Wesley Clark on the Campaign Trail

ABCNEWS' Deborah Apton was on the trail with retired Gen. Wesley Clark as he ran for president. For all of her reports, scroll down.

There are days and there are days …

MEMPHIS, TENN., Feb. 10 — Gen.Clark's presidential campaign ended on Tuesday night just one week short of the five-month mark, making it the shortest run of all the Democratic hopefuls. And, just as Clark left press and supporters guessing last September whether he would or wouldn't run, he kept people guessing whether he would or wouldn't drop out. After delivering a "neither here nor there" speech to a group consisting mostly of Little Rock, Ark., staffers and supporters who migrated into Memphis, Tenn., Clark shook a few hands and headed for the door. Confused by the situation I asked Clark, "Are we still going to Wisconsin tomorrow?" His answer said what we'd later confirm was true: "We'll talk about everything tomorrow."

And tomorrow it is. At 3:00 pm ET, Clark will speak at the Peabody Hotel in Little Rock, Ark. and say what staffers confirmed the night before — that his stint in this race has ended.

While Clark spent the morning of his last day on the trail campaigning around Memphis, stopping cars in the street to yell, "I need your help," Clark's traveling staff spent the last day with cameras in hand, snapping last-minute shots. And then there was the press, who spent the day guessing whether the next stop on the Wes Express was The Rock or Wisconsin.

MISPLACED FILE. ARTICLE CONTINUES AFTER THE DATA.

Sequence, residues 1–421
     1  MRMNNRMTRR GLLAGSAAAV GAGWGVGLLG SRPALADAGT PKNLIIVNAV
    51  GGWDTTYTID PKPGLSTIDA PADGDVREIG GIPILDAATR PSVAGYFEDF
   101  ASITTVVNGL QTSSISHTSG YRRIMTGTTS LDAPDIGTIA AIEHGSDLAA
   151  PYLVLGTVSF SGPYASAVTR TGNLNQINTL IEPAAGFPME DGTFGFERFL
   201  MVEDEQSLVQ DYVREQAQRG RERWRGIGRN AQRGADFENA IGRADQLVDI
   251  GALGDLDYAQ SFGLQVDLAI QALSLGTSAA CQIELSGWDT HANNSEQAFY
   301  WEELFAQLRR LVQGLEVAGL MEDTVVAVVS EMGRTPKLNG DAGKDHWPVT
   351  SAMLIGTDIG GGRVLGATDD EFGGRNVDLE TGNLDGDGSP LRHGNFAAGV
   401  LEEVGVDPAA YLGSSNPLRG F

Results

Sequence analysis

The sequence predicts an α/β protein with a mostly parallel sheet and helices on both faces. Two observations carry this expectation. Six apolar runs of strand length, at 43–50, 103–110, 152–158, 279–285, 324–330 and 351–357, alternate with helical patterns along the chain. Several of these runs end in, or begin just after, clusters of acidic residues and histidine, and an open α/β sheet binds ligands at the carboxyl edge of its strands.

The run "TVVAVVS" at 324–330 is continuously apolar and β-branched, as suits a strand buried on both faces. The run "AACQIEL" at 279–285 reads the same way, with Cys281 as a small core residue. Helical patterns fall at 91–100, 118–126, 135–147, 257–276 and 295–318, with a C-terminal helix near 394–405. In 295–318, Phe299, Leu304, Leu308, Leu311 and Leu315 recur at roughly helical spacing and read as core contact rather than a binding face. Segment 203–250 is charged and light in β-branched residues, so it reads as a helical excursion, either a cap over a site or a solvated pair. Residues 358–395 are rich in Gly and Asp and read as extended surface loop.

The Clark communications staff spent most of the day under wraps, leaving press without a chaperone for a three-hour bus ride, as well as before and after Clark's speech. To find out what was going on after a blasé speech by Clark, reporters decided to congregate outside the hotel suite where communications staff sat. At least 20 journalists, including those from CBS, CNN, the New York Times , the Boston Globe , Newsweek, and the Washington Post , stood waiting for somebody to tell them something. Twenty-five minutes later they got communications director Matt Bennett, who ultimately broke the news.

For Clark, who spent late Tuesday evening at dinner in Memphis with his wife, Gert, and son, Wes II, the experience has been one he surely won't forget. But while Clark became schooled the ways of politics and the stump speech, there are some things he never learn, like facing the cameras in press avails. Whether he comes back as a running mate is still unknown, according to Bennett.

On Wednesday at 8:30am The General, his family, staff and press will drive to Little Rock, Ark. Clark is not scheduled for any television or radio before the concession speech.

To Win or Not to Win …

RACINE, Wis., Feb. 8 — Flying to and from Wisconsin on Sunday there are less press and less staff with The General. A smaller plane forced some staffers to fly ahead to Nashville, leaving only Clark's trip director and press secretary to fly alongside him. Some traveling press have taken off for the weekend and will be meeting up come Monday. All in all, it's quiet and somewhat calm in the face of the packed schedule. Clark is laughing, eating popcorn and drinking grape juice — all the while seeming relaxed in the face of questions about his future. It seems he's not backing down from the "fight."

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